Everything you read in the newspapers is absolutely true, except for that rare story of which you happen to have first-hand knowledge. – Erwin Knoll
By Carl-John X Veraja
Having followed the GOP presidential primaries with a fixation born of dread, amusement, and disgust, I was somewhat intrigued when I heard Newt Gingrich was coming to my stomping grounds in the wake of the news of the unusual twist in Iowa and Gingrich win in South Carolina. Florida had opted to change the date of its primary, believing that they could possibly provide momentum to the winning candidate. Now that Gingrich had had a surprise win in South Carolina, would this turn out to be the case? Mitt Romney must be dreading the possibility of losing again, given that McCain upset him here 4 years ago.
When I arrived at the Newt Gingrich rally in Fort Myers, Florida, I realized I didn’t have any of my business cards left. So, I was forced to use an expired Geico insurance card as a press pass, hoping this would counterbalance my Murder Junkies t-shirt.
A crowd of hundreds was assembled. Several vendor stands hocked pins and t-shirts. There were also t-shirts featuring certain profound principles like America is good. Something was missing though, and I didn’t know what.
A stage had been set up for camera crews and I flirted with the idea of mounting it, flashing my insurance card as my credentials, but I really had no idea how long Newt would be in coming.
So, I wandered about, taking pictures, and flashing my winsome grin at Republicans. Some of them stitched their brows. I had had very little sleep the night before and I didn’t feel inspired.
I decided to interview a random person. I approached a senior woman who seemed lonely and detached. Her name was Beverly Llewellyn
“I think they are a good conservative party and I think they have the best interests of the country and I think Newt is the most knowledgeable, the most capable person,” Llewellyn said. “If someone else gets the nomination I’ll support them.”
I asked if she was part of the middle class and she said, “A little better than that.”
Eventually, I found some union members in one corner of the assemblage. Soon enough, a heated exchange took place, started by a gentlemen who appeared as if he’d been drinking or was medicated, you decide. I somewhat sympathized with him, as I have also fallen from a more monied state. He was momentarily entertaining.
Several members of Occupy Fort Myers were present, and when they attempted to move forward in the crowd of onlookers a brief scuffle broke out. The police, lead by Sargeant O’Reilly, who had previously issued me a citation for covering another Occupy Fort Myers event, restored peace. The citation was thrown out of court.
Matthew McDowell was soon in engaged in a series of discussions with Newt supporters. Corporate person and money as speech were the most common topics. Highlighting the themes was a woman dressed up as a corporation.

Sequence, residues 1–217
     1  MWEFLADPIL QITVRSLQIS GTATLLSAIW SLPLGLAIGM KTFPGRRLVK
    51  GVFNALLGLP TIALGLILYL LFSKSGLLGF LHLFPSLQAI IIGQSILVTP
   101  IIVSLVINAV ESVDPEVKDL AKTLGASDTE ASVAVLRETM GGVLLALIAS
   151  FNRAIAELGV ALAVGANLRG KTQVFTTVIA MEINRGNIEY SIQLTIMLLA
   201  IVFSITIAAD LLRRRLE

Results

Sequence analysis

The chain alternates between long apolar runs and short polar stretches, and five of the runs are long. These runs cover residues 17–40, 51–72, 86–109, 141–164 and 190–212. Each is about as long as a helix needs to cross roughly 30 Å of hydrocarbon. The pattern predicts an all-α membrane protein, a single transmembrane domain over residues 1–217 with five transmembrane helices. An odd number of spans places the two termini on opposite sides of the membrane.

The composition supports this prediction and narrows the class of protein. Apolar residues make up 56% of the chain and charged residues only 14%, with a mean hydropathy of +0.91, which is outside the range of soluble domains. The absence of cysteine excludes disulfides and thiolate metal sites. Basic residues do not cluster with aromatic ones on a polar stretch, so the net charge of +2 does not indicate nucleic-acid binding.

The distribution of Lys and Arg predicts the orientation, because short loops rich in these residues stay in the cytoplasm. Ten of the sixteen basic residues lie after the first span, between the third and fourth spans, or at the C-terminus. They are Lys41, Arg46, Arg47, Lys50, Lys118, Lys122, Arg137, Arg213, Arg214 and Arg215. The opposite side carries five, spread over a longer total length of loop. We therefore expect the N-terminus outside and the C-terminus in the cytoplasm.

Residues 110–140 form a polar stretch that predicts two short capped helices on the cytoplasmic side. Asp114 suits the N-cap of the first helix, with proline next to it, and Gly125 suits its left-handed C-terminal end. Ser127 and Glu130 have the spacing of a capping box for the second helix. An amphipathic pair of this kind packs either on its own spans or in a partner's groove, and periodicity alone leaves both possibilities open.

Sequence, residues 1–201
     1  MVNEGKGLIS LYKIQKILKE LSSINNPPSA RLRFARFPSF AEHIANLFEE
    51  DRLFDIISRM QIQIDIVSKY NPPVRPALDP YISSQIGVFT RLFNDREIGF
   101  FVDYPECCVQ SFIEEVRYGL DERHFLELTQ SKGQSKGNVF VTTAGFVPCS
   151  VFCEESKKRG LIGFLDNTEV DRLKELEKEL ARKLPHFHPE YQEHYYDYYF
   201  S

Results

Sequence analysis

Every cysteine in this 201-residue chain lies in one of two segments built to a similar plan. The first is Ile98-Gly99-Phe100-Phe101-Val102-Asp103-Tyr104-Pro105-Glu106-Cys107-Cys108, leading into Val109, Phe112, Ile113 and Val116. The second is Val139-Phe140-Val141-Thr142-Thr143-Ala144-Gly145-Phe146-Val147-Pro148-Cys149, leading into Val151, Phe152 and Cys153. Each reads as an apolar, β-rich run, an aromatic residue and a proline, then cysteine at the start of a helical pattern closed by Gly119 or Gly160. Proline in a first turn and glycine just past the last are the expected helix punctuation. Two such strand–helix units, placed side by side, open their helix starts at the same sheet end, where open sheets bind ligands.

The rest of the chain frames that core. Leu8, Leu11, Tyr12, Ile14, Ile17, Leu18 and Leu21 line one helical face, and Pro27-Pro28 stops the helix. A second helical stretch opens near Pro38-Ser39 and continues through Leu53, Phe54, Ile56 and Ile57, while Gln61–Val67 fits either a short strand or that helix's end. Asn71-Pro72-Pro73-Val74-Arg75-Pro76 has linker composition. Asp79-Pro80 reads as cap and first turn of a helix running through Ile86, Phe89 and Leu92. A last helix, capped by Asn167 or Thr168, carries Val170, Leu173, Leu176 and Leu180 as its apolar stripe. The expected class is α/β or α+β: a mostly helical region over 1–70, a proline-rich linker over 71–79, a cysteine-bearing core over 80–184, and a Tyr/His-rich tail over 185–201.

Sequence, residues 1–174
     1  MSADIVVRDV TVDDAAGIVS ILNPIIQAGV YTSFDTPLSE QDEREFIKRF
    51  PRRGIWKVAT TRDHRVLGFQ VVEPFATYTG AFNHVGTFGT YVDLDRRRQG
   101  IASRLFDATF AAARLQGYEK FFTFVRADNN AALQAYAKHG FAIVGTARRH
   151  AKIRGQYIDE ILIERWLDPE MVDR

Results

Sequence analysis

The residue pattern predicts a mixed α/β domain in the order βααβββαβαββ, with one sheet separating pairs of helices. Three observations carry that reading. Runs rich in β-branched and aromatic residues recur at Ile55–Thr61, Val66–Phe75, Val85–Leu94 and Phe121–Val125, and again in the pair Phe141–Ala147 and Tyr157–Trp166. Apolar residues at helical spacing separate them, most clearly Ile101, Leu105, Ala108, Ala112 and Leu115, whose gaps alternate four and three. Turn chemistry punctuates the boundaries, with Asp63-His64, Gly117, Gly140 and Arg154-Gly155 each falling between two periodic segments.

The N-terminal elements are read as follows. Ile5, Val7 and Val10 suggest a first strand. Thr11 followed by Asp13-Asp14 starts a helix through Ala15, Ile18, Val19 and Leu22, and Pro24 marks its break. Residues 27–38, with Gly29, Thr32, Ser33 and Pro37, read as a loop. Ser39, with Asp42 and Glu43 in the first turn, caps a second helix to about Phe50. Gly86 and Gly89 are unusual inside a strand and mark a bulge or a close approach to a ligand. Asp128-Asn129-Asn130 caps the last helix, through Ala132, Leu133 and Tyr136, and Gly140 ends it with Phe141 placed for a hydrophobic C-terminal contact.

At one point, the police conferred with McDowell, asking him to move away from the main body of the Newt supporters. After the confrontation, one of the officers slapped me on the back and told me they appreciated my camera work.
Lockheed Martin Wonders Where the Water Is
- It was around this time that I started to feel dizzy. I decided to see if anyone was selling water.
Alas, that was what had been missing earlier. My throat was dry and I felt anxiety coming on.
A sense of unreality descended on these Republican faces as sleep deprivation and dehydration set in.
After having determined there was no water to be had, and cursing these capitalists for not acting like capitalists and seizing on the opportunity to rip me off for water in the hot Florida sun, I returned to where Occupy Fort Myers was making its stand.
“Independence Day,” by Martina McBride played. Then, the music was momentarily lowered and a speaker with a bullhorn told everyone that Newt was the most honest person they had ever known. You could trust him.
McDowell showed me a scratch on his arm he had received at the behest on a long-nailed onlooker who thought he was pushing his luck trying to get to the front of the crowd.
Another speaker informed us that a highly respected doctor had informed her that Obamacare would lead to something akin to death panels. A hopeless moan fluttered through the crowd.
“Occupy is here being a presence in everything dealing with the political system right now,” said McDowell. “He’s been in the political system for nearly 30 years now. He’s done a lot to protect the 1 percent and we want to make sure his family values are not pushed on everyone else.”
Another speaker lead us in prayer and then the Pledge of Allegiance.
“Sheep,” I shouted grumpily.
Eventually, Gingrich’s bus arrived. A speaker told us how special this was. It was a bus, after all.
Occupy Fort Myers informed me they were moving on to Gingrich’s next stop to interact with the crowd there. Gingrich began to complain about the cost of gas under Obama, which wasn’t surprising given his bus probably gets about 2 miles to the gallon.
As he droned on about the foolishness of not approving the Keystone XL Pipeline, which act would lead to an unholy alliance between Canada and China, I found myself very desirous of some ice cream. I realized I was coming down with something and was done for the day.
I started for my car, Gingrich voice following me. Obama was wrong, foolish, and possibly an infiltrator. Regulations were the problem. We needed to repeal Obamacare, overturn Sarbanes-Oxley, get things back to how they were before the recession–
I got in my car, shut the voice out, and headed home. I mean, there was a State of the Union address to watch.
However, before that could occur, I was informed McDowell was arrested right after I left. According to what I heard, McDowell was defending another Occupier who had been pushed to the ground when he was seized by police.
So, with a sense of foreboding, I awaited Obama’s speech…